Kogin Institute, Hirosaki, Aomori, Japan

I visited the Kogin Institute in Hirosaki on January 31, 2017 after visiting the Tokyo Quilt Festival, Takayama, and Osaka. It was a pleasant flight from Osaka to Hirosaki, with the view of snowy mountains most of the way, and many, many empty seats. My companion Toyo looked around the plane, counted the passengers, and…

Tokyo Great International Quilt Festival 2017 part 3

Some photos were taken in a hurry as I rushed from the booth to lunch, or back again. Closeups are all I have of these beautiful quilts. The geometry is complex and amazing. When people who don’t quilt think that quilters are old grannies who sit around making simple blankets, I want to show them…

Travel Notebook Excerpts – Tokyo, Japan – June 2016

I sat in various coffee and tea shops and trains along the way, testing out a portable keyboard I bought in Shinjuku and observing the pace of life as it swirled around me. Here are a few excerpts from my last week in Japan. I hope you enjoy them.  June 11 – Shinjuku – Nihonbashi – Meguro Vintage…

Shinjuku 新宿

I did not intend to end up here. Shinjuku is like Times Square and the Las Vegas Strip rolled into one, but crammed into one of the world’s largest cities and built without realistic building codes or much space. It is a little crazy. More than a little. It feels like craziness compressed. The decision to…

Why is kimono fabric so narrow?

There is a lot of confusion among Westerners about this issue. We are accustomed to cutting patterns for clothing, quilts, and crafts from 42″-44″ wide bolts, so the idea that a bolt could be so much narrower–12″-15″–seems, well, foreign. Considering the width of a basic backstrap loom, the narrow fabric makes sense. Backstrap looms are easy…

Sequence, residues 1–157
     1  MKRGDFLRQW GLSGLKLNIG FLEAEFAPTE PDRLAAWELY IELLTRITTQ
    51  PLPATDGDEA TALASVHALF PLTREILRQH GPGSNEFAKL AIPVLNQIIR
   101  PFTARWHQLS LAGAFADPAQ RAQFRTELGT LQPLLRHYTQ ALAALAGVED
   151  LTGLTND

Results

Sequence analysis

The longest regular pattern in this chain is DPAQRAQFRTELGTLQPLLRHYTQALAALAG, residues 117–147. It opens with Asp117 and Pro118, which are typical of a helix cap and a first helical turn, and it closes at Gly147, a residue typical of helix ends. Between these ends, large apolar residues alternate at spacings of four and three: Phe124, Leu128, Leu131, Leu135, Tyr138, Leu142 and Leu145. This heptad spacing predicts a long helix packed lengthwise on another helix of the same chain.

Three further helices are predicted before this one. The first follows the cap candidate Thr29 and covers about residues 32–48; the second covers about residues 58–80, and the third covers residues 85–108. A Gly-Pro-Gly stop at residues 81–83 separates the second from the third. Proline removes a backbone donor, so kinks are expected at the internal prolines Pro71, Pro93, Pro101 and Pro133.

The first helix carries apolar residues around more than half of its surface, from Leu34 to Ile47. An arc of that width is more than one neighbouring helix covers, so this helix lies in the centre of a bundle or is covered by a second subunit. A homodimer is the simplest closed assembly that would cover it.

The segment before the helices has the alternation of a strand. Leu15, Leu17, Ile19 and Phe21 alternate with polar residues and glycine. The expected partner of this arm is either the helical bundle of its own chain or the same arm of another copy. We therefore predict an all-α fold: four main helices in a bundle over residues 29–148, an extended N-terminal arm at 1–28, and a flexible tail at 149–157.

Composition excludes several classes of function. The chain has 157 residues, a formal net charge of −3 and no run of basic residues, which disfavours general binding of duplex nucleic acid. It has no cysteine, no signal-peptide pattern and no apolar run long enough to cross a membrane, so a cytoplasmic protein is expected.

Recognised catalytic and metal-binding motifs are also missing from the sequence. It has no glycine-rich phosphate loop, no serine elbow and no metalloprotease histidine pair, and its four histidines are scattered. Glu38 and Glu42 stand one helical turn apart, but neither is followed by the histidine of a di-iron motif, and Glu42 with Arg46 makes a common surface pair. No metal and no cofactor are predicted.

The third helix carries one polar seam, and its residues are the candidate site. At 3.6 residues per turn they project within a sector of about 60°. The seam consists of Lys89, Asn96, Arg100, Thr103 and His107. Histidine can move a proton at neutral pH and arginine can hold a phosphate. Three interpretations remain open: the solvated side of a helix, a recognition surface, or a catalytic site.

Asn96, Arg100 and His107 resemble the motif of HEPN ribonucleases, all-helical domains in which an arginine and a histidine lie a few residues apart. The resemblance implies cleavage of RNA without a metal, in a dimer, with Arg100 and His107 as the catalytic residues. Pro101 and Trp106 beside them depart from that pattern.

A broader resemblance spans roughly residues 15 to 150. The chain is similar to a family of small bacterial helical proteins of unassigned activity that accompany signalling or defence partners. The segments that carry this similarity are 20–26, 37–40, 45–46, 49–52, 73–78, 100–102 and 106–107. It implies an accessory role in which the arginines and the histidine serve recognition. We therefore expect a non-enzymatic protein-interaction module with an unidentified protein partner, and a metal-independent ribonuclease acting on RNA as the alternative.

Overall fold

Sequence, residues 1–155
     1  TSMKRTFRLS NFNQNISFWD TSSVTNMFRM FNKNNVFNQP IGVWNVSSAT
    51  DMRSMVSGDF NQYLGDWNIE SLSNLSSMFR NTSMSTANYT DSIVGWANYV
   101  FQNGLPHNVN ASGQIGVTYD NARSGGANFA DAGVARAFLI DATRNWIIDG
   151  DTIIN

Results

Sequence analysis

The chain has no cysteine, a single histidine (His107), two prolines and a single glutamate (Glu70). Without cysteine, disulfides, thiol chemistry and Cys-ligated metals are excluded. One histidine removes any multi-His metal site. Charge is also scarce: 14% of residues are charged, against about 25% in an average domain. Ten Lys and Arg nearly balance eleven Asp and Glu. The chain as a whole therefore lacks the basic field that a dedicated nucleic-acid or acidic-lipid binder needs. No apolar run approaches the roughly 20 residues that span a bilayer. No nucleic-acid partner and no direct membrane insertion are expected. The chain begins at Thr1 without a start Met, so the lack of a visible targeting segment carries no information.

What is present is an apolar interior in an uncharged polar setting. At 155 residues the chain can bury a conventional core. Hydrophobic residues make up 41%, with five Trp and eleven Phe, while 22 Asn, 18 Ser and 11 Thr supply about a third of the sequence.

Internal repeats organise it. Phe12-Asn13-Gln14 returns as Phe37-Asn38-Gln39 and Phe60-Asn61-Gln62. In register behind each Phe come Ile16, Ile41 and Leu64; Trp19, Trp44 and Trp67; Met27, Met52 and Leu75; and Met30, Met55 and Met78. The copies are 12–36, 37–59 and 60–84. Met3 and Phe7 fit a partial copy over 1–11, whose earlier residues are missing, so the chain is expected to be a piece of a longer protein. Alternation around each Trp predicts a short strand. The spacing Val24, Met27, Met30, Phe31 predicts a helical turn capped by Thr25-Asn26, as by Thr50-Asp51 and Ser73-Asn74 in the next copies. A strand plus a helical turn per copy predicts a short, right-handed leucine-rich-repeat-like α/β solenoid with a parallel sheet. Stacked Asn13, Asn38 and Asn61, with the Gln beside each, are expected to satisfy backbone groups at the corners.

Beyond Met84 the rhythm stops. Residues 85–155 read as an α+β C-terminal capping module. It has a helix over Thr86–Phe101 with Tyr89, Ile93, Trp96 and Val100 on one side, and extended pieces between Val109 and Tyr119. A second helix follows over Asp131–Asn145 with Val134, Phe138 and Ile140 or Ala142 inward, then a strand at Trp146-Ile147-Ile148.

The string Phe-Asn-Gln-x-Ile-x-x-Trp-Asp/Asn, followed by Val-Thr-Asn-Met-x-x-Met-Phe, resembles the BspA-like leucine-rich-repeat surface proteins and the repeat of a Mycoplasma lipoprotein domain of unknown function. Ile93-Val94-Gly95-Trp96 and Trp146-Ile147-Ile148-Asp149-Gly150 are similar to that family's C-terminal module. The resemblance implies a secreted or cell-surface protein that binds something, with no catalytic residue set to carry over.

市松人形 Antique doll kimono – My New Year Challenge – part 3

A little background on what makes a doll an Ichimatsu ningyo… 人形 Ningyo = doll. That’s the easy part. 佐野川 市松 Sanogawa Ichimatsu (1722-1762) What have come to be called Ichimatsu dolls were first produced in the Kampô and Hôreki eras (1741 – 1764), the faces designed to resemble Sanogawa Ichimatsu, a Kabuki actor who was famous for…

Antique doll kimono – My New Year Challenge – part 2

In the West we tend to think of kimono as a static garment, always one style, one type of construction. Over the past decade I have handled a wide variety of vintage kimono, mostly from the 20th century, and the style, color, quality of weave, etc. do change the same as our own garments, although perhaps…

Antique doll kimono – My New Year Challenge – part 1

You may remember the antique doll I found in a consignment shop a few years back — links at the bottom of this post if you’d like to see the story — and how his restoration went. The very talented Anne Weaver did an excellent job repairing the doll, but the person who worked on cleaning…

Time for a sale!

I brought Thomas along with me to Quilt Market this year in the hope that he would keep my spending under control, but that wasn’t the case. We did stay on budget… until he left and I had one more day at Market on my own to do a little shopping. So! This means I…

This week in the Kimonomomo design studio…

Today I had a visitor to the studio this weekend who asked me to show her how I do my sashiko. Helen was a lovely guest (who bought some of my favorite fabrics) and we chatted for a few hours while I stitched away. She likes to plan out her sewing projects, “obsessing” about them…

Kimono Tuesday is now the Weekly Kimono

… Mainly because Tuesdays don’t always work for me, but I do enjoy wearing kimono at least once a week. So! Let’s catch up. Springtime in Northern California is back-and-forth, warm then cold again, rainy and cool, rainy and warm, dry and warm, dry and cold, and we all get confused. The sun is shining,…